Creators | Sean Witzke talks with King City creator Brandon Graham about world-building, collaborating with other writers or artists, porn and his approach to storytelling: “I’m really into the idea of conveying a story clearly enough for the reader to get all the basics while at the same time having enough information going on where you don’t necessarily get it all or even miss something on the first read through. I think it’s something that came from me reading a lot of European and Japanese comics growing up and just not always getting everything, culturally or just because of weird translations. I like that nice mystery. And there’s the idea that when a story doesn’t give you everything it forces the reader to think a little more. Turns them from being a passive reader to an active one. I think that would be my ideal destination, some kind of clear and simple with a background of complexity.” [supervillain]
The 2009 San Diego Comic-Con is less than a month away, with preview night kicking things off on Wednesday, July 22. If you are a publisher, creator, retailer or any other kind of exhibitor who would like to let folks know about any special plans you have for the show (panels, signing schedules, exclusives, debuts, etc.) drop me an email and I’ll run it here.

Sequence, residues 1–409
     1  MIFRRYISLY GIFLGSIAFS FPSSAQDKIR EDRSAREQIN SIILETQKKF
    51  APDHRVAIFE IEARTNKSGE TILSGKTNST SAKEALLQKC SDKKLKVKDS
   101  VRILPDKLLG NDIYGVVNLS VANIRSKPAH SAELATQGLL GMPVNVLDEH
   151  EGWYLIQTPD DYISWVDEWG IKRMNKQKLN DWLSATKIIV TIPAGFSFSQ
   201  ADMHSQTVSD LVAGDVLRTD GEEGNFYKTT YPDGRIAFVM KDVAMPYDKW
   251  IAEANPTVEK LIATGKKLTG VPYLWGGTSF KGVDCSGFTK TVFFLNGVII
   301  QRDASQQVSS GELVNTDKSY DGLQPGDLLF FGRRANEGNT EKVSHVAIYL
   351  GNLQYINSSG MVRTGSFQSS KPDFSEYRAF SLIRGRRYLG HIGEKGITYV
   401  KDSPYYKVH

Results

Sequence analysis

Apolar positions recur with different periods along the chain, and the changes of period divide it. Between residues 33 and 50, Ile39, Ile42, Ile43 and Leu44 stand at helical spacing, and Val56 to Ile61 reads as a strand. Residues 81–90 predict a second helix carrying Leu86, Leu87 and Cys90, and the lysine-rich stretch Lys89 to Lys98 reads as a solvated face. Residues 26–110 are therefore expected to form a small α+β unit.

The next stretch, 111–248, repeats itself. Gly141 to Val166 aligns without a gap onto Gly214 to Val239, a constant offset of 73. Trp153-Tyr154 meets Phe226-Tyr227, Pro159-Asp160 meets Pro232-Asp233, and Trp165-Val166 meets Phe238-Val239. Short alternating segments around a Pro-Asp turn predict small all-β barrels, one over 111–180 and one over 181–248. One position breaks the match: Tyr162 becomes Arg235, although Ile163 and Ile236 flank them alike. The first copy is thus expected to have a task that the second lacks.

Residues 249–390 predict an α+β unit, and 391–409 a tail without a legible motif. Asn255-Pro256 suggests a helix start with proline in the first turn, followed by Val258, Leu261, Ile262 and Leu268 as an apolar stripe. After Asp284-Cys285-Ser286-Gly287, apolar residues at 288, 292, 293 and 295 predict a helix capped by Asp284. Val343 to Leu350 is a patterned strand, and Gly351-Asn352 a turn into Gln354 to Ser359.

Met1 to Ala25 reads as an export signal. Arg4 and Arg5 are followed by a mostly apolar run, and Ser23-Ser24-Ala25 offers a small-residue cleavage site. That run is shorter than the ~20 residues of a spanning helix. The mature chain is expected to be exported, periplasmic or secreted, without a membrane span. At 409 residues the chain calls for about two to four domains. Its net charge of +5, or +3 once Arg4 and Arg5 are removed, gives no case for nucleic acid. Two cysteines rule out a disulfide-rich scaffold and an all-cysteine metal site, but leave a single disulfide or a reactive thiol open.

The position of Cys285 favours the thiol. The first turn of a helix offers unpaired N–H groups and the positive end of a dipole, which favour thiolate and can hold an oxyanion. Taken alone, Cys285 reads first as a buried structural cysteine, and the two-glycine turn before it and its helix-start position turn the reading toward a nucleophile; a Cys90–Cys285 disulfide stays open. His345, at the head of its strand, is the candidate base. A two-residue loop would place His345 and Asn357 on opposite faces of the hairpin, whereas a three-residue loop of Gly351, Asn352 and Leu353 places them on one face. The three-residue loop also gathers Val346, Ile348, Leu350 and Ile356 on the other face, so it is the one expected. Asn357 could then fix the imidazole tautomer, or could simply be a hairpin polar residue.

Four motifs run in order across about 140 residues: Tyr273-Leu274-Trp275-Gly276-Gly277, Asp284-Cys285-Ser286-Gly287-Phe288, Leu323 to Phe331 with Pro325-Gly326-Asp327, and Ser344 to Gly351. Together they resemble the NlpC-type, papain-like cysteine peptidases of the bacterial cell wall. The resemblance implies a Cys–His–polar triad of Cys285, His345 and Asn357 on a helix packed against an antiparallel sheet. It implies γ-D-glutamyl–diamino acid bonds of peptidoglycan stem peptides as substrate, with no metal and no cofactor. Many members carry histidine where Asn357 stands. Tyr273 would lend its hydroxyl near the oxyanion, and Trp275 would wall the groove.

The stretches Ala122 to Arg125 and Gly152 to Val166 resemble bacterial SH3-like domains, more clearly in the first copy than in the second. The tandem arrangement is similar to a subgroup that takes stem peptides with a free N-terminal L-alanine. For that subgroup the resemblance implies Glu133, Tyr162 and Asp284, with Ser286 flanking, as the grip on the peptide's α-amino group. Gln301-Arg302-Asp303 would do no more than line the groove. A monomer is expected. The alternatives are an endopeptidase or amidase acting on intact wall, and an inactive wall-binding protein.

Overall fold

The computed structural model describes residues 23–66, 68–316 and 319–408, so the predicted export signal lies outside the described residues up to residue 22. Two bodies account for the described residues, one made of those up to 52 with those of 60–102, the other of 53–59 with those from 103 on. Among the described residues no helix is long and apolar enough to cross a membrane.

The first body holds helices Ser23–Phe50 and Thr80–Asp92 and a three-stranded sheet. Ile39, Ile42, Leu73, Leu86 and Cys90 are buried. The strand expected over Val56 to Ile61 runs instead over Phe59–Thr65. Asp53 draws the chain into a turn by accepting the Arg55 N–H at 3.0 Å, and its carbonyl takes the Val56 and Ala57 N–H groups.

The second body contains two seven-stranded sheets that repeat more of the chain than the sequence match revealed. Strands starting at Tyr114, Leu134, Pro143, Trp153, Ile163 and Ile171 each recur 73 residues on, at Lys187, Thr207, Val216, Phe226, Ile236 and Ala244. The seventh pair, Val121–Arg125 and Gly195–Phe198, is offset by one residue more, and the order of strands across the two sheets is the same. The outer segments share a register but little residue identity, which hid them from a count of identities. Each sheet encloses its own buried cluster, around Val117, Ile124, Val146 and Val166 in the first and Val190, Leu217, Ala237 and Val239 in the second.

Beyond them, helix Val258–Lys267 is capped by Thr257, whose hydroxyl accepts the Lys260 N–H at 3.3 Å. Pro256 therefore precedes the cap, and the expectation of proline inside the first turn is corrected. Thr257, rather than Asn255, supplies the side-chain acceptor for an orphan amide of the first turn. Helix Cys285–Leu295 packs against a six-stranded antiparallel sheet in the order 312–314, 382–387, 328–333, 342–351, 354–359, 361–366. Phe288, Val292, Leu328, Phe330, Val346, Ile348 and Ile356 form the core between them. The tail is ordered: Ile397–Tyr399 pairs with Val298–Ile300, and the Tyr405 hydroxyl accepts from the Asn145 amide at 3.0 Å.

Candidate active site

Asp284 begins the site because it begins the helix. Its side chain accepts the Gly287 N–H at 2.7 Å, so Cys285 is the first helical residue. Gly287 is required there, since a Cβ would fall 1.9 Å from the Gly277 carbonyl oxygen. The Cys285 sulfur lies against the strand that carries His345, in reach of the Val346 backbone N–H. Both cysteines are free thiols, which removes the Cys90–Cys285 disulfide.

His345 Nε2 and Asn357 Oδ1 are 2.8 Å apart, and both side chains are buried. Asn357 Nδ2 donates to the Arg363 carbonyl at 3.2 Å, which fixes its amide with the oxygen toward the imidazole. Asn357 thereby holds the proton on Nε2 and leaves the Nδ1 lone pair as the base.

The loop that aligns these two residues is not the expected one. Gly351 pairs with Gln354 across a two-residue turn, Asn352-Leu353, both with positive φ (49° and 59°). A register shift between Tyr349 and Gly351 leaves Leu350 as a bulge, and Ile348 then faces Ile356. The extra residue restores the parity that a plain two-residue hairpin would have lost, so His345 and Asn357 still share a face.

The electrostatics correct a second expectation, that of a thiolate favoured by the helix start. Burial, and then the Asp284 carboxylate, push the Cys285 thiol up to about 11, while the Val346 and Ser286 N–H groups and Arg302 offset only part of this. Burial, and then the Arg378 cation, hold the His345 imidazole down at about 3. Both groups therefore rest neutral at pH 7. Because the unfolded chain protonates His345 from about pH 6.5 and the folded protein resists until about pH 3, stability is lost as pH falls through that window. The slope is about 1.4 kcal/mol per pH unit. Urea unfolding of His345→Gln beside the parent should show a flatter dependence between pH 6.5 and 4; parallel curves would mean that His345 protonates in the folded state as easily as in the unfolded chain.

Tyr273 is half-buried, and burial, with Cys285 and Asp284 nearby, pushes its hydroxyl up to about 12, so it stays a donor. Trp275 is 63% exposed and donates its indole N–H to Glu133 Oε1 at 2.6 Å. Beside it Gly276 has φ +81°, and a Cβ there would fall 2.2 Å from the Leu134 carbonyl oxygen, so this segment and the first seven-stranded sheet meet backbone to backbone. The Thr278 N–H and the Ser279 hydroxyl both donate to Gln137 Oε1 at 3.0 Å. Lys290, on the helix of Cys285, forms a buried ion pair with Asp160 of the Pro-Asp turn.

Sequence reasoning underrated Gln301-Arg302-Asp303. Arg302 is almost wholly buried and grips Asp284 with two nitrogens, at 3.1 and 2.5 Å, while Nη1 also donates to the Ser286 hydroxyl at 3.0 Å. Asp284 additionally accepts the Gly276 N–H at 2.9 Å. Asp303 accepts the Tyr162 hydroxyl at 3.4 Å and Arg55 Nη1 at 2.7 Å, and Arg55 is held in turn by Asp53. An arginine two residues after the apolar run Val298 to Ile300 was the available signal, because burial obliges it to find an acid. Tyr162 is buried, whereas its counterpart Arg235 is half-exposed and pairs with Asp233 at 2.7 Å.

Programming | Leading up to the con, ICv2 will host a comics and media conference on Wednesday, July 22 at the San Diego Marriott. This ticketed event will include speakers such as Mike Mignola, Jeph Loeb, Dynamite’s Nick Barrucci, Top Cow’s Matt Hawkins and many more. Registration is now open.
Television | Warner Bros. sent out a press release on their schedule for Comic-Con, which includes panels for Smallville, Supernatural, Chuck and Big Bang Theory, as well as new shows like Human Target and V. They’ll be showing the pilot episodes of all their new shows.
With the New York Comic Con coming up Feb. 6-8, we’ll be collecting and posting information on the various things you can do and see while at the show. If you’re a publisher, creator, retailer or otherwise exhibiting at the show, feel free to drop me an email with your booth schedule, any comics you might be debuting, giveaways or any other fun stuff you have planned for the show.
• ICv2 has announced details on the Graphic Novel Conference they host the Thursday before the convention, which will include a keynote address from Art Spiegelman and panels on topics like comics on the web, social networks and literary adaptations. Note that this conference isn’t open to the general public, but “is open only to those who hold a Professional or Exhibitor Pass,” the site says.